Moreover, SS7 signals can be delivered to the DMH H operating in the HPLMN 100
without providing the WLAN 200
direct access to the SS7 network. More specifically, SS7 signals can be directly or indirectly delivered in the HPLMN 100
using SMS messages via the subscriber's home or a foreign Short Message Service Center (SMSC). As shown in FIGS. 3 and 4
, the SMSCs 405
of the present invention are routing devices of a type that is well known in the art. Each SMSC 405
comprises a microprocessor and memory, and functions as a clearinghouse and depository for receiving, delivering, and temporarily storing SMS data between users and wireless application servers without establishing circuits therebetween. Referring now to FIG. 3
, SS7 messages are delivered indirectly to the DMH H via the SMSC 430
in its home HPLMN 100
, primarily according to the principles of the following process:
- 1. An SMS generated in a foreign PLMN (FPLMN) 410 causes the SMSC 405 to send a request for SMS routing information (e.g., SEND_ROUTING_INFO (SRI_SM)) to the network 410 of the provider of an SS7 gateway switching transfer point (GW STP) 415.
- 2. The SS7 GW STP 415 interrogates a Number Portability Database
in the SS7 gateway network to determine the identity of the destination network, which in the exemplary embodiment is the HPLMN 100
. The NPDB 420
replies, identifying the network operator and the HPLMN 100
- 3. The GW STP 415 forwards the SRI_SM to an intercarrier SMS GW 425 in the now identified HPLMN 100.
- 4. The foreign SMSC 405 sends the SMS to the GW STP 415 for indirect delivery to the associated HPLMN 100 via the intercarrier SMS GW 425.
- 5. The GW STP 415 forwards the SMS to the intercarrier SMS GW 425 in the HPLMN 100.
- 6. The intercarrier SMS GW 425 delivers the SMS to the SMSC 430 in the HPLMN 100 (the “home SMSC”).
- 7. The home SMSC 430 interrogates the HLR 126 to determine the status and/or location of the DMH H. More specifically, the HLR 126 indicates whether the DMH H is operating and if so, whether the DMH H is operating in the HPLMN 100, in a visited PLMN (not shown), or in the WiFi WLAN 200.
- 8. The home SMSC 430 sends the SMS to the wireless network identified in step 7.
- 9. The wireless network delivers the SMS to the DMH H via the protocol dictated by its network type. For example, if the DMH H is operating in the WLAN 100, a FORWARD_SHORT_MESSAGE procedure is initiated and forwarded to an SMS message handler (not shown), which processes the message content and sends it to a SIMPLE server, which delivers the SMS via a SIP:MESSAGE to the DMH H.
Alternatively, SMS messages can be delivered to the DMH H directly via its home SMSC for example as follows, with reference to FIG. 4
- 1. An SMS generated in a foreign PLMN (FPLMN) 410 causes the SMSC 405 to send a request for SMS routing information (e.g., SRI_SM) to the network 410 of the provider of an SS7 gateway switching transfer point (GW STP) 415.
- 2. The SS7 GW STP 415 interrogates a Number Portability Database (NPDB) 420 in the SS7 gateway network to determine the identity of the destination network—the HPLMN 100. The NPDB 420 replies, identifying the network operator and the HPLMN 100.
- 3. The GW STP 415 forwards the SRI_SM to the HLR 126 to determine the status and/or location of the DMH H. More specifically, the HLR 126 indicates whether the DMH His operating and if so, whether the DMH H is operating in the HPLMN 100, in a visited PLMN (not shown), or in the WiFi WLAN 200.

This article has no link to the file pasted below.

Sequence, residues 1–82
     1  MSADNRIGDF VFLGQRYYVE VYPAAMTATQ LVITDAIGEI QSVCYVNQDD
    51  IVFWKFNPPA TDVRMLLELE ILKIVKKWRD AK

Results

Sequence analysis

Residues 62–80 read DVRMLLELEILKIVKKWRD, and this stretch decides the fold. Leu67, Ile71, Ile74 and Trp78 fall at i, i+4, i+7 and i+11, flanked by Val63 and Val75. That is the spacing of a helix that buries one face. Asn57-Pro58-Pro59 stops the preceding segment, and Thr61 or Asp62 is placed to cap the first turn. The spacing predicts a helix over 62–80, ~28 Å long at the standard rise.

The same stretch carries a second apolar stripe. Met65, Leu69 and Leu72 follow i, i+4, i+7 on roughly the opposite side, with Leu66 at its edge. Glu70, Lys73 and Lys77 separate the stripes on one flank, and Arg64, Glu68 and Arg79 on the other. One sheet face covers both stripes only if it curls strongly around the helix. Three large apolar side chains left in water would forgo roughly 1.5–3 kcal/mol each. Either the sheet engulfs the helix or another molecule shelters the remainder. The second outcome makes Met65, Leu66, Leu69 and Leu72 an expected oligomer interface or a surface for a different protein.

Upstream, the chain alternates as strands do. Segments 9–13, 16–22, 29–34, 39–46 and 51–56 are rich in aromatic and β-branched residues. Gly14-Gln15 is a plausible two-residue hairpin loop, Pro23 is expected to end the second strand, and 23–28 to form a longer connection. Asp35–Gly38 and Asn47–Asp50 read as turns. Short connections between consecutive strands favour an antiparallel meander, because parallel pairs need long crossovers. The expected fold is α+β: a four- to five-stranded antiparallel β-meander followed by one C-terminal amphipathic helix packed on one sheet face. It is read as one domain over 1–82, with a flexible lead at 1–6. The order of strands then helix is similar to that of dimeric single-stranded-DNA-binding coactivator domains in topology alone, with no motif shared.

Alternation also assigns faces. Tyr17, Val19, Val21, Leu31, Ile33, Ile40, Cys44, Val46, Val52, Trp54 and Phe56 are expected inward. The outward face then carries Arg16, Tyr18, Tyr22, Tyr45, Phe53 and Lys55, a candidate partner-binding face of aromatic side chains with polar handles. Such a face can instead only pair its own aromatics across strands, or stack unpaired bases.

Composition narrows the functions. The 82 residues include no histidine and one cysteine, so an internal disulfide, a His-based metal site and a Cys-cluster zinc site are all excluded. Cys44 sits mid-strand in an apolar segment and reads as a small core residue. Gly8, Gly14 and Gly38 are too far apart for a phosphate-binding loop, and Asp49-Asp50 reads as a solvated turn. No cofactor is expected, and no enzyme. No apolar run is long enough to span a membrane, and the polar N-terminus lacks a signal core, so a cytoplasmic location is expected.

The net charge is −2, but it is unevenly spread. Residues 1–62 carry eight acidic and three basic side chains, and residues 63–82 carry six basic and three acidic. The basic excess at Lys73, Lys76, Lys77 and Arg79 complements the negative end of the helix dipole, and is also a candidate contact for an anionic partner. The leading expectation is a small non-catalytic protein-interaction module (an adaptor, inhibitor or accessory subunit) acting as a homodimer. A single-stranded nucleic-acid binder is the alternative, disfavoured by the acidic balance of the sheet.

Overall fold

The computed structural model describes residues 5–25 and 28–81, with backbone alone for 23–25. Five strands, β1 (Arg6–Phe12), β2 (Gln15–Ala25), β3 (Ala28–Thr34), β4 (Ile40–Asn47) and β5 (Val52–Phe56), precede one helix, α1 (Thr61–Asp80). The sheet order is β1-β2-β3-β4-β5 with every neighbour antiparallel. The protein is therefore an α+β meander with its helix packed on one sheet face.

- 4. The foreign SMSC 405 sends the SMS to the GW STP 415 for direct delivery to the associated HPLMN 100. The GW STP 415 includes or interfaces with a signaling gateway SMS message handler.
- 5. The GW STP 415 delivers the SMS to the HPLMN 100.
- 6. The wireless network delivers the SMS to the DMH H via a suitable protocol according to its network type. For example, if the DMH H is operating in the WLAN 100, the SMS may be converted to a SIP IP Multimedia message.
As demonstrated above, typical SMS messages can be separated from those containing SS7 content via the message handler (not shown), which can read or scan every incoming message to ascertain whether or not the incoming message contains SS7 content. Preferably, the message handler searches the text of the message for one or more keywords, which may be maintained in general library of keywords stored in its memory. Accordingly, when the message handler detects SS7 signaling content in the text of an incoming message, the message handler routes the SS7 content in the HPLMN 100.
The networks 100, 200 may use 3GPP Voice Call Continuity or the like to maintain persistent IP sessions when transitioning between a circuit-switched (CS) network and IMS to support voice call handovers between the circuit-switched HPLMN 100 and the packet-switched VoIP based WLAN 200. The DMH H preferably automatically detects and selects the appropriate and optimal network, and the respective authentication and access control protocols of the disparate networks 100, 200 are supported. However, handover of ongoing calls is not described in detail herein; rather the systems and methods of the invention are described primarily in relation to redirecting incoming calls through the WLAN 200 to the DMH H operating in the HPLMN 100 after handover has occurred.
If the DMH H is operating in the WLAN 200, an incoming call directed to the DMH H is routed in the enterprise directly to the DMH H, for example using a SIP INVITE message that identifies the DMH H as the destination to which to route the call. However, when the DMH H exits the WLAN 200 and begins operating in the HPLMN 100, incoming calls are redirected to the new location of the DMH H.